- USD/JPY falls as the safety trade advances on China virus.
- Yen continues to benefit as illness has yet to be checked.
- Factory output drops on the year but improves in December.
Dollar yen stayed the course this week until Friday when renewed concerns on the Corona virus effect on China’s economy and in turn the globe’s pushed the pair down to below 108.50. The 1.8% decline in the last two weeks is not a market decision on the competition between the US and Japanese economies but a recognition of Japan and the yen’s long standing safety status in Asia and the world.
The longer term effect on the Chinese health crisis will likely be detrimental to Japan and the yen as the mainland economy will suffer as the shutdown of many industries and sectors will continue until the spread of the illness is halted.
Japanese statistics were downbeat onthe week as factory output in the fourth quarter fell at its fastest pace on record and retail sales dropped for a third month in December likely showing the impact of a sales tax increase in October.
The factory data was not as poor as the three month total shows brecause output rose 1.3% in December after falling 4.5% in October and 1% November. Surveys by the Ministry of Economy and Trade and Industry (METI) predict gains of 3.5% in January and 4.1% in February.
The Bank of Japan kept rates at -0.1% on the 20th as expected and Governor Kuroda underlined his resolve to keep policy very loose, a goal that can only have been reinforced by the developments in China.
Japan statistics, January 27-31
The government’s consumer confidence index was unchanged in January at 39.1 which is its highest point since the two year decline from 44.9 in October 2017 bottomed at 35.6 this past September. Even this recovery is below all scores back to March 2015 excepting those of the June to November recent drop.
The Japanese unemployment rate continued at 2.2% equaling the lowest post-recession score. Retail trade rose 0.2% on the month in December but lost 2.6% on the year. Industrial productions, decreased 3% year over year in December following declines of 8.2% in November and 7.7% in October for the worst quarter since 2013. The monthly output rose 1.3% as mentioned above.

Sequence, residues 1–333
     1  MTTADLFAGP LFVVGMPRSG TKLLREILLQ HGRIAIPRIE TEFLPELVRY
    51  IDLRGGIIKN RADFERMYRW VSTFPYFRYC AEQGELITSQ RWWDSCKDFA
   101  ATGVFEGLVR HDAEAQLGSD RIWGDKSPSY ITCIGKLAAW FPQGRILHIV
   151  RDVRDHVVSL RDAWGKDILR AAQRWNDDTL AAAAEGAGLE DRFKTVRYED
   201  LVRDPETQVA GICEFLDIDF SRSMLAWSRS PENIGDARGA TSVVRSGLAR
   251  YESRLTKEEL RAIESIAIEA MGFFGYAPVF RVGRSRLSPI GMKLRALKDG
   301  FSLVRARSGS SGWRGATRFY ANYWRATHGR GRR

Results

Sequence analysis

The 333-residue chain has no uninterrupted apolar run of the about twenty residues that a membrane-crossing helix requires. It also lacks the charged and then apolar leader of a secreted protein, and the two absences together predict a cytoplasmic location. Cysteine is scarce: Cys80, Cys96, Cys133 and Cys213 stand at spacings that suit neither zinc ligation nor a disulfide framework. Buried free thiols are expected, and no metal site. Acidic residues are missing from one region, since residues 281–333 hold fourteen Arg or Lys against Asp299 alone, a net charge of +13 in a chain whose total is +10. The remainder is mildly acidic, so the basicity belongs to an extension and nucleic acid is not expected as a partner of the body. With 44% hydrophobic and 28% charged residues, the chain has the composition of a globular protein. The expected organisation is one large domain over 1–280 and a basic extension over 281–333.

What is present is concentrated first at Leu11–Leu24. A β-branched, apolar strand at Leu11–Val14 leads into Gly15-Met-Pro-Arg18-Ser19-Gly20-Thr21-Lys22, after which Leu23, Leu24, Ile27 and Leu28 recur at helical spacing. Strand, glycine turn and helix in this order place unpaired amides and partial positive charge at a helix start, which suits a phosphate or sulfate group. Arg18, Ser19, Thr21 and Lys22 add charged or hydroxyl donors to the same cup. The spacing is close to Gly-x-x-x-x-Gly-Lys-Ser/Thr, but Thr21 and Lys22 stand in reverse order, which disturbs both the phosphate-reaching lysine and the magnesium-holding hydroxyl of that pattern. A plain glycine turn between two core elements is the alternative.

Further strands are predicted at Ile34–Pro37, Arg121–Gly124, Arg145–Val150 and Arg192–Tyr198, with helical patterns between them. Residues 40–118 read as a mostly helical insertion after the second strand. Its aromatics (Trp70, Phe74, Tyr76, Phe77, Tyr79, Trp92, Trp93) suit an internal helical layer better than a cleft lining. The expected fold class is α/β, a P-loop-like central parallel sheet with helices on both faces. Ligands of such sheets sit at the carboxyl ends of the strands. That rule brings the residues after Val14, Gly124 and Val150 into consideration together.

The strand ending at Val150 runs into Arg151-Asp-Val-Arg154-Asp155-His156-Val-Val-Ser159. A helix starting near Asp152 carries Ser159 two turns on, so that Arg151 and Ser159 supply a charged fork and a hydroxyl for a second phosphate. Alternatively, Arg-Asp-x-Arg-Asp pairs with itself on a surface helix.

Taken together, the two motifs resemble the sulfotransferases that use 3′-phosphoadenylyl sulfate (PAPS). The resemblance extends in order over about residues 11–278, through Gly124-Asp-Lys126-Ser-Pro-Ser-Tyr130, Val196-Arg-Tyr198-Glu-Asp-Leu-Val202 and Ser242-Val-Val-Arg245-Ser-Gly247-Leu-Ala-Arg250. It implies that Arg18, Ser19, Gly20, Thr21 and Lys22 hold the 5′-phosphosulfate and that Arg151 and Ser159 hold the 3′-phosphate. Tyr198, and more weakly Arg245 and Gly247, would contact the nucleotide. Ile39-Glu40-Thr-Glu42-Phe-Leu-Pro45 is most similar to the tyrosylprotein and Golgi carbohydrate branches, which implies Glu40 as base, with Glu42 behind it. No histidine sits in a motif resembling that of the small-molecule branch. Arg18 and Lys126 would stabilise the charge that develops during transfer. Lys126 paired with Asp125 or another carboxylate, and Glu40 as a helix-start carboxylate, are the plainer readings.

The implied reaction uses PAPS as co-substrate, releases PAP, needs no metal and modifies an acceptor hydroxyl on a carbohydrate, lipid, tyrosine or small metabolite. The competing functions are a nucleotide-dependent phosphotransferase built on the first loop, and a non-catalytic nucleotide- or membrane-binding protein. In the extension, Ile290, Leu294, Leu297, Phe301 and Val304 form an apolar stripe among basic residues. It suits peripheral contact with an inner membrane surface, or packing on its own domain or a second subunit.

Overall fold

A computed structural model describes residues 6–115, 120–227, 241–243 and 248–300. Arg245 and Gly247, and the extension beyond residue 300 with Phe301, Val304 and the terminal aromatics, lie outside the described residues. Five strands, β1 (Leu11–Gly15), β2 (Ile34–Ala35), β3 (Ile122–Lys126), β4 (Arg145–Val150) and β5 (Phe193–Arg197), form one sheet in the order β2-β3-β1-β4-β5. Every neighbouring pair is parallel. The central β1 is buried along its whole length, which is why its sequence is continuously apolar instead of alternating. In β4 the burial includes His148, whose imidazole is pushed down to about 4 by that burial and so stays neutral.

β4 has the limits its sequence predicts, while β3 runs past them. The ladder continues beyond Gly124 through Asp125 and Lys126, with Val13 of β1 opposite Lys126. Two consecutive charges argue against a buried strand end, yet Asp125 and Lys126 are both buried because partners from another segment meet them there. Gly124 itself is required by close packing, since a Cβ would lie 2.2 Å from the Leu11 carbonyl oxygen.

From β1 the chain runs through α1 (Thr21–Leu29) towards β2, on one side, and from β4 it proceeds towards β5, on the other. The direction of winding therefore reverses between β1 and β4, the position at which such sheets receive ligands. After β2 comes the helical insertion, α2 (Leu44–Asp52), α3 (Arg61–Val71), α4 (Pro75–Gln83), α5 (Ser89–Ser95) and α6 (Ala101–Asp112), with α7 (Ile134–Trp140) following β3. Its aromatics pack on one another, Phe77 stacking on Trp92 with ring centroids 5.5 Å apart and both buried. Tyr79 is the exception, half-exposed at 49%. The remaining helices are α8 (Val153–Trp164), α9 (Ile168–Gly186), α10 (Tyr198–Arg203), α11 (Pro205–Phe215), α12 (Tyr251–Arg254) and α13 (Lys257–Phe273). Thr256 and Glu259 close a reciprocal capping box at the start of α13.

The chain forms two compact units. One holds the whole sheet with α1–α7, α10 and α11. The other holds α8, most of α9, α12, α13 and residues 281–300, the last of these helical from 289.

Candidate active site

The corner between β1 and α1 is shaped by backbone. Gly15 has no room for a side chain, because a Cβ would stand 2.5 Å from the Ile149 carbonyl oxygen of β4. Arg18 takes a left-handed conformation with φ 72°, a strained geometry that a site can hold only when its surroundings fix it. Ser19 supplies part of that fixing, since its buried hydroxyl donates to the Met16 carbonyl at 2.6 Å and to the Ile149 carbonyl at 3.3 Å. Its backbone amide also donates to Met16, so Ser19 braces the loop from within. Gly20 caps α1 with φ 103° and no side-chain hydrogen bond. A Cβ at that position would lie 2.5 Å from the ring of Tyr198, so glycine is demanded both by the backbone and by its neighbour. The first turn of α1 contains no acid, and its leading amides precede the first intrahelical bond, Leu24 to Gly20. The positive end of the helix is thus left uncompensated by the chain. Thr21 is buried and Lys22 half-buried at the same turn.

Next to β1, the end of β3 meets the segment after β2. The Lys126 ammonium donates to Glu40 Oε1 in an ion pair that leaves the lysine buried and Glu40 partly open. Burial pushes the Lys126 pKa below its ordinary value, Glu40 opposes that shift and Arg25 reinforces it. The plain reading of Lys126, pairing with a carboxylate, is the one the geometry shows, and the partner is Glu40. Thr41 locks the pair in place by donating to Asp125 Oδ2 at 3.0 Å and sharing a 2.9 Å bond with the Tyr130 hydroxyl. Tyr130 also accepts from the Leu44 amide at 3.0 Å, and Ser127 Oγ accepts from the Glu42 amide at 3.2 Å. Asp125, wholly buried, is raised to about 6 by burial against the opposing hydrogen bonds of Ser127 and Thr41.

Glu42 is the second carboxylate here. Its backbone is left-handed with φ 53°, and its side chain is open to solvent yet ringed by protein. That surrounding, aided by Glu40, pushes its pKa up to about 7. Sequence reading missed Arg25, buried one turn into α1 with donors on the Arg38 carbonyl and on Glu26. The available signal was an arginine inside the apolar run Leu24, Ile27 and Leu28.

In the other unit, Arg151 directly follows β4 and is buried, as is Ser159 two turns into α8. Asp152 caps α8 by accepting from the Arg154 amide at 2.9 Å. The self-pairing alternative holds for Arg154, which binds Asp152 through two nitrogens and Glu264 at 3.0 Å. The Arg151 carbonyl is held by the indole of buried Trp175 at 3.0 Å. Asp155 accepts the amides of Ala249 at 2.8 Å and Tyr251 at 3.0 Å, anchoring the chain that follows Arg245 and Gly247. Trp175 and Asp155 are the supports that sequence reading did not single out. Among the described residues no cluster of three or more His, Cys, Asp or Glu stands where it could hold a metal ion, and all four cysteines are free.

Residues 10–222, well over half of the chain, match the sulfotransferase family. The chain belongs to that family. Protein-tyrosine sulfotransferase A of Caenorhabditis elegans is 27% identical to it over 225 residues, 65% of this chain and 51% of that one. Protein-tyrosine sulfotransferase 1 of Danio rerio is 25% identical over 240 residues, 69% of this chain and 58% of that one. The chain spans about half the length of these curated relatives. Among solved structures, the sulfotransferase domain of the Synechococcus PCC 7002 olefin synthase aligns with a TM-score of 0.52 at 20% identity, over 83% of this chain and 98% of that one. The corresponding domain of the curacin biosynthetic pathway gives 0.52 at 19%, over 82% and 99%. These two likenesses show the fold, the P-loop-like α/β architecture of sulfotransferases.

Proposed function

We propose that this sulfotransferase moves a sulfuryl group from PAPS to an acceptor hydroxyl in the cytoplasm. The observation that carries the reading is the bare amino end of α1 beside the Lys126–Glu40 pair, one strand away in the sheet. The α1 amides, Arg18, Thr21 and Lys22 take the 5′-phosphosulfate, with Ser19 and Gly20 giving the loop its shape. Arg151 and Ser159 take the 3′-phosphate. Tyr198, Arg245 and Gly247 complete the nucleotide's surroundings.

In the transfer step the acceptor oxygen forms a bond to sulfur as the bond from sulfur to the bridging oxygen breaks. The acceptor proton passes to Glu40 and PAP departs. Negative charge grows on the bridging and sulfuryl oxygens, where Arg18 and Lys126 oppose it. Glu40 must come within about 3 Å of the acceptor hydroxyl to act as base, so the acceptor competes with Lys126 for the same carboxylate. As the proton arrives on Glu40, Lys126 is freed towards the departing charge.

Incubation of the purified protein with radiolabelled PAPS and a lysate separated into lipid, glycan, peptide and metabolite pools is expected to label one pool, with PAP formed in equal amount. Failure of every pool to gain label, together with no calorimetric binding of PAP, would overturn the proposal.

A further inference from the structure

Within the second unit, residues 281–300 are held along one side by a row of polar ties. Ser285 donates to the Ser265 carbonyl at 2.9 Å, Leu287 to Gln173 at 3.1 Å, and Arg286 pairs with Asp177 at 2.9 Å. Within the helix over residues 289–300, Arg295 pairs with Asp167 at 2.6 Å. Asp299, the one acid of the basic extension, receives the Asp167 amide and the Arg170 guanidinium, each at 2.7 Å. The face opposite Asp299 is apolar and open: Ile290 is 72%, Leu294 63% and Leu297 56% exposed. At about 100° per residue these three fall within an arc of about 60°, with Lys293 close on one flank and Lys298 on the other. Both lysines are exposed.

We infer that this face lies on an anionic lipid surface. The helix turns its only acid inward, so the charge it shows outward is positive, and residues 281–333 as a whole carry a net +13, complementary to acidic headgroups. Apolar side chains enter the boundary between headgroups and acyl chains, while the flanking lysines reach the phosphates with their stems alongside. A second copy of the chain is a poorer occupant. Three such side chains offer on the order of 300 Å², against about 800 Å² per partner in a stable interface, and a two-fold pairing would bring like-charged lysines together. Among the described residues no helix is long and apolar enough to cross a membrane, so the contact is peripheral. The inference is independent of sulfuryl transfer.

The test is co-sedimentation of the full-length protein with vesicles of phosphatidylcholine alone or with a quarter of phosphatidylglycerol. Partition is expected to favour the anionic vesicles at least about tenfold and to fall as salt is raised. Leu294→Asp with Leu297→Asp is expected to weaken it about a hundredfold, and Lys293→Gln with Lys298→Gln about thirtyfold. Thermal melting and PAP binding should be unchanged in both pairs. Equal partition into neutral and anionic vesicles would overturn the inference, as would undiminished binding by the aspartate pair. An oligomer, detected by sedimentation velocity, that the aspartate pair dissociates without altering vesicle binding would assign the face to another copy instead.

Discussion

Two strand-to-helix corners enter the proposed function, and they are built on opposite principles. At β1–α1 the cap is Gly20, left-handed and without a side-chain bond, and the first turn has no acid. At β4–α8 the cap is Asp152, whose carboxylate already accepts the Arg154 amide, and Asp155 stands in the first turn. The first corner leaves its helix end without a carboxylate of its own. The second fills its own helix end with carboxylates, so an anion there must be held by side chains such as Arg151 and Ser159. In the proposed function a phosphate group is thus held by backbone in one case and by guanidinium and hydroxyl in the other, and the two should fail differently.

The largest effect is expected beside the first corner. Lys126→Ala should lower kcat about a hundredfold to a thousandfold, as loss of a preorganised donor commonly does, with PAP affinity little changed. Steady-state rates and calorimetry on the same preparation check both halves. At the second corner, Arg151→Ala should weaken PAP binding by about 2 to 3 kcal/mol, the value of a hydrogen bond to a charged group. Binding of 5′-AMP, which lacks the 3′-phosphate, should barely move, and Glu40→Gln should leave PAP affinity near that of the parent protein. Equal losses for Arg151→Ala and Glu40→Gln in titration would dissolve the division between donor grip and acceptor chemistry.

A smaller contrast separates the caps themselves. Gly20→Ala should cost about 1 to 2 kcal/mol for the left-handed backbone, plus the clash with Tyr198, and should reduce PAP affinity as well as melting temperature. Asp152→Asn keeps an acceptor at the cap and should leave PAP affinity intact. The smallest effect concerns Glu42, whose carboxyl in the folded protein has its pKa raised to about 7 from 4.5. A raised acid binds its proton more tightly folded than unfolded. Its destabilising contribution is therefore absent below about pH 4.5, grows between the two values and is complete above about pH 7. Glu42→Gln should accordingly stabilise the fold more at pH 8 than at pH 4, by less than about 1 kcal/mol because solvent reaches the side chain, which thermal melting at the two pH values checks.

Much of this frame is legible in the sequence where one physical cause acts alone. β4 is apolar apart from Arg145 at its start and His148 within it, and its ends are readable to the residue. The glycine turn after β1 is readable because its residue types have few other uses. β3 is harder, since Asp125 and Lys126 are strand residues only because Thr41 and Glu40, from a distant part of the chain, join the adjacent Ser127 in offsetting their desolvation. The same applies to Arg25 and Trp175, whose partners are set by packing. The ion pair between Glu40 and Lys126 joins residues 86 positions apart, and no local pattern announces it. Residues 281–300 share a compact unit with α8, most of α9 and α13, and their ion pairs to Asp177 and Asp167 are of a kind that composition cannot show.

The Tokyo consumer price index rose 0.6% over the year in January from 0.9% the month prior and the same in December. The core rate was stable at 0.9% in December.
Japanese statistics, February 3-7
Deputy Governor of the Bank of Japan Masazumi Wakatabe speaks on Tuesday and board member Takako Masai does on Wednesday.
The Ministry of Internal Affairs and Communication issues overall household spending for the year in December on Thursday with a decline of 1.7% forecast after November’s 2% drop and the 5.1% decline in October. Until the final quarter spending had been positive averaging 3.8% monthly in the third quarter and 2.7% in the second.
The Coincident Index for December from the Cabinet Office that tracks state of the Japanese economy is released on Friday with a slight rise to 95.9 from 94.7 expected. The index has been falling since registering 117.5 in July and the November score was the lowest since May 2013.
US statistics January 27-31
Tuesday’s durable goods orders for December were mixed with the headline up 2.4%, much stronger than 0.5% forecast on a surge of Defense Department procurement. Business spending remained moribund and non-defense capital goods orders dropped 0.9% on a flat prediction.
The Federal Reserve status quo rate decision on Wednesday was almost universally expected but a modestly optimistic Jerome Powell did the dollar no damage. His acknowledgement of the potential economic impact of the China virus briefly stirred markets but to no lasting effect.
Thursday’s fourth quarter GDP came in at 2.1% as forecast but in the context of durable goods orders supported by government spending, which had led to some speculation for a weaker number, it was a good statistic for the dollar. Initial jobless claims four-week moving average for the January 24 week at 214,500 held at near 50 year lows indicating no change in the labor market.